Earlier this week Microsoft confirmed that it would begin offering Windows 10 to enterprise customers at a monthly subscription fee of $7. The offer is currently unavailable for individual consumers who are either on or eligible for the free upgrade.
Microsoft has continually spoken about Windows 10 as being “the last Windows”. From a user perspective, that doesn’t necessarily mean there won’t be another version. Continued updates will keep rolling out as features are added, and there will definitely be a point when the Windows 10 name will no longer be relevant. Who knows, they may well end up calling it Windows Forever or simply Windows.
The key takeaway point here is that Microsoft is pushing everything to the cloud and making it available “-as-a-Service” for a monthly or annual fee. Office 365 went that way and so did Azure, so Windows 10 is just joining an already-famous family of cloud-based service offerings.
The idea of making it available to enterprise customers first makes sense. With the acquisition of LinkedIn and the recently announced deal with Facebook for the latter’s employees to use Office 365, there’s no doubt that Microsoft is trying to penetrate the enterprise market in a big way from every possible angle.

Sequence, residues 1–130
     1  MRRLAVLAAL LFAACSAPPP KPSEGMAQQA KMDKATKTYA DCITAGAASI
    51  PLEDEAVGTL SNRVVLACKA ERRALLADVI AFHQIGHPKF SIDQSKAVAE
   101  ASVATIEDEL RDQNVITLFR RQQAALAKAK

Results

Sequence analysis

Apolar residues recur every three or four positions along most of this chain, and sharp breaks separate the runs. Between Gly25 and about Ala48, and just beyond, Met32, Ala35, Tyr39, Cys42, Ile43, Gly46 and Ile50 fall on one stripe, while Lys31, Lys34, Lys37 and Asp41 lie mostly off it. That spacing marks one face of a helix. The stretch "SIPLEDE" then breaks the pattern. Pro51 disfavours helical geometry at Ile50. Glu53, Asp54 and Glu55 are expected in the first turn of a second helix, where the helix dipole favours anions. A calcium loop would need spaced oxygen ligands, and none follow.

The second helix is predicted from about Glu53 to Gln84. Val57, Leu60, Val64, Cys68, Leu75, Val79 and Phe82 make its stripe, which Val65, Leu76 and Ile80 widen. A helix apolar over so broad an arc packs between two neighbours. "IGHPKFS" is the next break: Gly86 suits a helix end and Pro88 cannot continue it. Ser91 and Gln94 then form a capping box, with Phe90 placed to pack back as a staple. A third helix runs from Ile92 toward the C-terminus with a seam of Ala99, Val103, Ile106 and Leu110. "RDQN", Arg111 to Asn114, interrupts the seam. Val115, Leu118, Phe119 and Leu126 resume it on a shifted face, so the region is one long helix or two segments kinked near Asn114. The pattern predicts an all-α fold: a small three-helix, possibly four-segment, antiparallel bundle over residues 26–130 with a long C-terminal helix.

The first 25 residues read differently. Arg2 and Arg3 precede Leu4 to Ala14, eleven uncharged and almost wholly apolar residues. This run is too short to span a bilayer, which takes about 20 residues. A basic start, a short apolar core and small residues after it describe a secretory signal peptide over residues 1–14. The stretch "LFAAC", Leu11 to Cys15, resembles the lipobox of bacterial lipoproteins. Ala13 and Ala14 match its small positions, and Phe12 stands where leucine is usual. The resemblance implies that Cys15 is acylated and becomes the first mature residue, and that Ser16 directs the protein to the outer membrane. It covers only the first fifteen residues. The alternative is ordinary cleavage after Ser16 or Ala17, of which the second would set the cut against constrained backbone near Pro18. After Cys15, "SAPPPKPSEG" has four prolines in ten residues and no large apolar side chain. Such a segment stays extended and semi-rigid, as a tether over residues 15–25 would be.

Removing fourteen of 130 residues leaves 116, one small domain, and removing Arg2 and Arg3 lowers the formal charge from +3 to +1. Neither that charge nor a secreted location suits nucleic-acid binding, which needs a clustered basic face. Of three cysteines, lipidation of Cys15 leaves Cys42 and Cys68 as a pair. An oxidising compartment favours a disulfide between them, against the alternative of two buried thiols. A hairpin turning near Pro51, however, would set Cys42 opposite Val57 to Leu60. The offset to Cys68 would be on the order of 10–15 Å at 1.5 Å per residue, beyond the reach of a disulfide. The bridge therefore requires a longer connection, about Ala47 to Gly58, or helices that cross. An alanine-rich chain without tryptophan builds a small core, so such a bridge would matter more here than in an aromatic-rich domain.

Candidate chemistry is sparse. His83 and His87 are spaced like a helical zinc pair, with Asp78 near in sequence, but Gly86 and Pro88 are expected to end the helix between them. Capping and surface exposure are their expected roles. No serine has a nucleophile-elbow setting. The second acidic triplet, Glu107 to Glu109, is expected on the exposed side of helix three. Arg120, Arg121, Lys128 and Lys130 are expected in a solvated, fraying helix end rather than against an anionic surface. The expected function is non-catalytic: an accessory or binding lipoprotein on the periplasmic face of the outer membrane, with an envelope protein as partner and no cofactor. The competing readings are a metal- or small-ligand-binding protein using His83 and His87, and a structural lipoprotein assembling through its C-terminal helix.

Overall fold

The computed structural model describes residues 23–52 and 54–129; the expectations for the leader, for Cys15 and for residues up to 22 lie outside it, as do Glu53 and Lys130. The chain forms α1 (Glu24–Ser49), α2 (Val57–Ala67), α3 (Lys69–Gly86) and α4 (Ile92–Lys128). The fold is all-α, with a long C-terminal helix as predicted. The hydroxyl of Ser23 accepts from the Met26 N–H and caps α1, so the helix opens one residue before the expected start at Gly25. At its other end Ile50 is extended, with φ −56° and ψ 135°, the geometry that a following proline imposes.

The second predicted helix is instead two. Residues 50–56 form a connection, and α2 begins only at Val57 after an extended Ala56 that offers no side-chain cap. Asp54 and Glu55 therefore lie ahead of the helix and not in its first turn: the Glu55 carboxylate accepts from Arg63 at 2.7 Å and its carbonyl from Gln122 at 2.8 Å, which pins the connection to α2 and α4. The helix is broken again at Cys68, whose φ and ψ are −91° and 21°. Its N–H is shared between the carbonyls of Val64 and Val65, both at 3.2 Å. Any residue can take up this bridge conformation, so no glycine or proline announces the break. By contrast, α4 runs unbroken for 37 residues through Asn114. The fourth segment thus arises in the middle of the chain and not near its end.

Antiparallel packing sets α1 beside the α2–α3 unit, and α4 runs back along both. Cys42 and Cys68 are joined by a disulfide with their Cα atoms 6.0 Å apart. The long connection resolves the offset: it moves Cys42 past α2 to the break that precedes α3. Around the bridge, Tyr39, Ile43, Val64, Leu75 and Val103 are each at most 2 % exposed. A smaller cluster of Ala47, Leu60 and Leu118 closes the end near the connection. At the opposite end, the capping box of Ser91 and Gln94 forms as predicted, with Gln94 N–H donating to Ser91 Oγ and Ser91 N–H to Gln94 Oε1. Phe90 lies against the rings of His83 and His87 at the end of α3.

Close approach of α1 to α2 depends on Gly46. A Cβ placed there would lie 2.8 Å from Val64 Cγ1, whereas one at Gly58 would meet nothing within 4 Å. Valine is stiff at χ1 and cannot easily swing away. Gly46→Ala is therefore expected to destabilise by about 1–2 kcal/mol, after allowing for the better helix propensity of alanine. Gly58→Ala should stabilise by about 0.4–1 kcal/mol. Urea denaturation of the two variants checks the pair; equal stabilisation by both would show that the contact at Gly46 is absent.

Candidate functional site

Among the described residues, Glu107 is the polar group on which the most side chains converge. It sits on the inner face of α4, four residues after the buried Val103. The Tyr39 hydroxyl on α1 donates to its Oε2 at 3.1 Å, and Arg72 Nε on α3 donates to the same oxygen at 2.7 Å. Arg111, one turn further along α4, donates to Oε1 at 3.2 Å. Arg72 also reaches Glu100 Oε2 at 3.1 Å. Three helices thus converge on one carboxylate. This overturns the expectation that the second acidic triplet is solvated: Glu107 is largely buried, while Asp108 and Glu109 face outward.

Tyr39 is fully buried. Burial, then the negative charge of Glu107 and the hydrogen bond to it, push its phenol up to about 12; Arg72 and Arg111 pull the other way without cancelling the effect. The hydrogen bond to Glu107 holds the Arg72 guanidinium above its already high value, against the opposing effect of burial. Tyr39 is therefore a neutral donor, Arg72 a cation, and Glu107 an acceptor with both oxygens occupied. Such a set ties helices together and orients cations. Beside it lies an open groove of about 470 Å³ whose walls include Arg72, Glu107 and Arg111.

Despite doubts about the subscription offering being opened up to individuals, it is inevitable that they will need to do this within a year of the free upgrade deadline passing – and that deadline is just a couple of weeks away, July 29.
Why? Because not everyone will be willing to pay $119 for Windows 10 Home and $199 for Windows 10 Pro when their time expires. Microsoft will necessarily have to offer a monthly option on the service if they don’t want people to roll back to Windows 8 or Windows 7. The only reason Windows 10 usage is so widespread right now is because users don’t have to pay anything immediately. But when it’s time to pull out their wallets, you can bet that they’re going to closely scrutinize the value of paying a hundred or two hundred bucks for the OS.
For now, we can expect the $7 enterprise version to do exceedingly well since Microsoft has an aggressive sales team and a foot in the door at most of the top global companies on the strength of Office 365 and Azure.